Those who enjoyed the type of dynamics they found with Bella/Edward, will most likely latch onto the Sophia/Charles dynamics, and there are some pretty scenes that are well described. One of my favourite lines from Charles is: “You must understand: immortality is not an escape from death. It’s an accumulation of loss.”

All this being said, however, I do have some issues with the novel. First off, there were often moments where I’d have liked characters’ motivations to be expressed better. Sometimes some pretty crazy stuff happens, and Sophia takes these occurrences almost too calmly. Pacing also needed a bit of attention. Quite a bit of time is compressed in the novel, which is often tricky to keep the narrative flowing, and there are occasions when the story flags. By contrast, in some of the scenes where a lot of action suddenly takes place, Hamilton writes too quickly, and I had to sometimes go back to reread a few paragraphs to let things sink in. A little more layering would have helped. In addition, I feel there are story arcs which are very promising (for instance the crazy religious fundamentalist lady and Sophia’s best friend) which could have been elaborated on.

Often I felt the story was headed in a particular direction, only to have that potential plot fizzle out when it could have been used to ramp up tension. Only one serious factual glitch caught my eye: the case of a photograph taken of people who supposedly died in the 1600s. Daguerreotypes were only really in common use in the mid-1800s, so unless this was a bit of supernatural tech unique to The Forever Girl universe, chances were extremely slim of such an artefact existing. I also felt the convenient availability of silver doorknobs at the local small-town hardware store to stretch reality just a wee bit for a too-convenient plot angle. But hey, maybe that’s me, and I’m not always a fan of characters having things too easy.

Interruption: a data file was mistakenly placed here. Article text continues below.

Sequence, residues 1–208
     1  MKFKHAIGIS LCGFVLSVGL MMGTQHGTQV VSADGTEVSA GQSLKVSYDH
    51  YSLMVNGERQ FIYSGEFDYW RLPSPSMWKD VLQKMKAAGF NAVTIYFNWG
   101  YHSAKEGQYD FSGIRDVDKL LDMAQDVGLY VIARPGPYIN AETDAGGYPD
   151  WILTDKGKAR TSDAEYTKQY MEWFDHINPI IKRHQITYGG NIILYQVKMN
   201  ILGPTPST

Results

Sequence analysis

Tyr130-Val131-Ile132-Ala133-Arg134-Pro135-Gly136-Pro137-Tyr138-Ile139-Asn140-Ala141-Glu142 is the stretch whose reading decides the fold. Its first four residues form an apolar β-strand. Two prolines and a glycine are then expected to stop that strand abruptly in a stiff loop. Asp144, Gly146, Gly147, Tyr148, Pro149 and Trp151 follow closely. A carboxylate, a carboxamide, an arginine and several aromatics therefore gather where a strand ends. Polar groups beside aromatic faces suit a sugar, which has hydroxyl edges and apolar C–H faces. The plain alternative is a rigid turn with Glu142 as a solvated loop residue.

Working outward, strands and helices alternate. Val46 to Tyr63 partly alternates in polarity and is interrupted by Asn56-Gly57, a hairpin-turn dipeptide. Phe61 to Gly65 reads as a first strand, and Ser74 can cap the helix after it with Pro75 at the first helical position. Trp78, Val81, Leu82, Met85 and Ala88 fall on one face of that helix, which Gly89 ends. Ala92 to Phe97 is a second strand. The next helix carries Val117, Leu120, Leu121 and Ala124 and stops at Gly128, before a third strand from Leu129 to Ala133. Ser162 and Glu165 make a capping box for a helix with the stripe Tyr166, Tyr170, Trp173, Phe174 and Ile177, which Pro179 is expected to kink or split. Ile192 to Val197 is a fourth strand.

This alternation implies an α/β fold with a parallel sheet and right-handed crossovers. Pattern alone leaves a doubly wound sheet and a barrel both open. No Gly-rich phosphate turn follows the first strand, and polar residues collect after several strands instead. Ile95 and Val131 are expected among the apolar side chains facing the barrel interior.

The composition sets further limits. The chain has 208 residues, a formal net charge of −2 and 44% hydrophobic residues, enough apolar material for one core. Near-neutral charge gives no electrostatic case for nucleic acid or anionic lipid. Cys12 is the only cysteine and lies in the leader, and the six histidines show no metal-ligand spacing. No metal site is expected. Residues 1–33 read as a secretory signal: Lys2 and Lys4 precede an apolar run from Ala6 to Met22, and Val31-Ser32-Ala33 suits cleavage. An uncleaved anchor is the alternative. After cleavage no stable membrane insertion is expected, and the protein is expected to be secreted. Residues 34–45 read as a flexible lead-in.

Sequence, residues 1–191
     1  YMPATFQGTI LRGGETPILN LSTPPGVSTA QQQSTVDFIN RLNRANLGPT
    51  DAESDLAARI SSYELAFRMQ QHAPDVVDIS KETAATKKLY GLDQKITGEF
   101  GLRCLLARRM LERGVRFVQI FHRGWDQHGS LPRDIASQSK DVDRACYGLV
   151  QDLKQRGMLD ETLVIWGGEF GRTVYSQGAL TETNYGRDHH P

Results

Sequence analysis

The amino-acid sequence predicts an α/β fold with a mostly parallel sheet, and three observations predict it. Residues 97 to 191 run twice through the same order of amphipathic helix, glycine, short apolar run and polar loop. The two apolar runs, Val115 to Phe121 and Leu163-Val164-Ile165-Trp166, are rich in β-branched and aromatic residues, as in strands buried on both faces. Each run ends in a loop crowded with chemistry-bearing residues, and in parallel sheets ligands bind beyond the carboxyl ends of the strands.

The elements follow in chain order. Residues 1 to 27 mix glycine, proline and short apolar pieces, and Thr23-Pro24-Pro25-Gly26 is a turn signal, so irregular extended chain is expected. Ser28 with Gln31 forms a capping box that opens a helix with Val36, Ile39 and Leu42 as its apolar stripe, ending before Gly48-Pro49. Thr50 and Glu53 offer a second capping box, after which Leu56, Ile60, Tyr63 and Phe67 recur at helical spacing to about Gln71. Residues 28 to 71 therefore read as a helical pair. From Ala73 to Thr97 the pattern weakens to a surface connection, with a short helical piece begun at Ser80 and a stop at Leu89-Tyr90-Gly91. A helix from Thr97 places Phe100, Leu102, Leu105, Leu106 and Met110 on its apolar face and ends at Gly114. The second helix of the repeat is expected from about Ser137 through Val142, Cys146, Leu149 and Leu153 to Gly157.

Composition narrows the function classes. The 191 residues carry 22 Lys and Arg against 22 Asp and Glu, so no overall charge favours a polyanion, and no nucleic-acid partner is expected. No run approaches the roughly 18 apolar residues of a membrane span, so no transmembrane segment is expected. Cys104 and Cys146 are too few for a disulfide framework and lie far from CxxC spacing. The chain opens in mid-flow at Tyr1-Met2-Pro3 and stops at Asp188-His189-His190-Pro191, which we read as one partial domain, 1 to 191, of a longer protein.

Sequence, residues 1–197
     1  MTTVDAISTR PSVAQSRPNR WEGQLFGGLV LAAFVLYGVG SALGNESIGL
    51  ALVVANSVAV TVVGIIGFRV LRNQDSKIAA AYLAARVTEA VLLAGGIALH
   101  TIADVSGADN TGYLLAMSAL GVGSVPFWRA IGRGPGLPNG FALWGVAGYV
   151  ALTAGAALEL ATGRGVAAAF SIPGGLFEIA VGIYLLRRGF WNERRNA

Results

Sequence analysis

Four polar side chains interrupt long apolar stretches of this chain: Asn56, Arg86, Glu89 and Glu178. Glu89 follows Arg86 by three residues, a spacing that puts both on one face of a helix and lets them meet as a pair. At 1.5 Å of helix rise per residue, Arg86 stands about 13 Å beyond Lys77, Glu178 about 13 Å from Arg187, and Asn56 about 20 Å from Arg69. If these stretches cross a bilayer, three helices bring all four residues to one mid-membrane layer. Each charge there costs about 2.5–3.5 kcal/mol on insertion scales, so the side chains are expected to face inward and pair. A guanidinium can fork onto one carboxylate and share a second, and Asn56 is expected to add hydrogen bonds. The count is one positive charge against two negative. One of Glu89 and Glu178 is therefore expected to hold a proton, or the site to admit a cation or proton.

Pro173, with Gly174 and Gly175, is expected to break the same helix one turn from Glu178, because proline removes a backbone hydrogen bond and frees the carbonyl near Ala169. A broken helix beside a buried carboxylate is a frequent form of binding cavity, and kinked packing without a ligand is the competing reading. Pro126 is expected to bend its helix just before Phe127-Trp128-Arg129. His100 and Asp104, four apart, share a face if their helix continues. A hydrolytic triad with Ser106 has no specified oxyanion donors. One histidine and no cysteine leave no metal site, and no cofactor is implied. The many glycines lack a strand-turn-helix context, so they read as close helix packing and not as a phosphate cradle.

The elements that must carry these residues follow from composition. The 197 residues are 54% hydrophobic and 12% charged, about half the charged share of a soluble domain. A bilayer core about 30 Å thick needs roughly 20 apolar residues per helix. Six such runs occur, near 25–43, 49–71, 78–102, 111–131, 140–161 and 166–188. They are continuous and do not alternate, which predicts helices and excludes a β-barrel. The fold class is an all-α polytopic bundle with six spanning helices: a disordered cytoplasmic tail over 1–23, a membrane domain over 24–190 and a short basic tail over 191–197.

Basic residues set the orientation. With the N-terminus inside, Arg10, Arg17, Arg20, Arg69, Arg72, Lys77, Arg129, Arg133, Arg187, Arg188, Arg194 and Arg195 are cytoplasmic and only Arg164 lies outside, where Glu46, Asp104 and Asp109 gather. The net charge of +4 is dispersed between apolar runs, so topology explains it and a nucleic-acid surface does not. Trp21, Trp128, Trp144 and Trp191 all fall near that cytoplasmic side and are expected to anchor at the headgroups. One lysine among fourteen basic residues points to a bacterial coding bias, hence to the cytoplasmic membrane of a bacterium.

All the flaws notwithstanding, this is still a very promising story I’d happily recommend above traditionally published mainstream offerings in the same genre. (And some of these authors honestly did make me want to throw the book across the train.) Hamilton writes with a fresh voice, bringing her unique spin to a genre that is often highly reliant on derivative works.

Monday, June 4, 2012

Guest post with Carolyn McCullough

Today I welcome Carolyn McCullough, who's taking the helm here at my blog to celebrate her latest release. Welcome, lady.

* * * *

In the Appalachian mountains after World War I, a young woman discovers that dreams might be more than imagination, dragons might still live in the night sky and evil has many faces and many forms.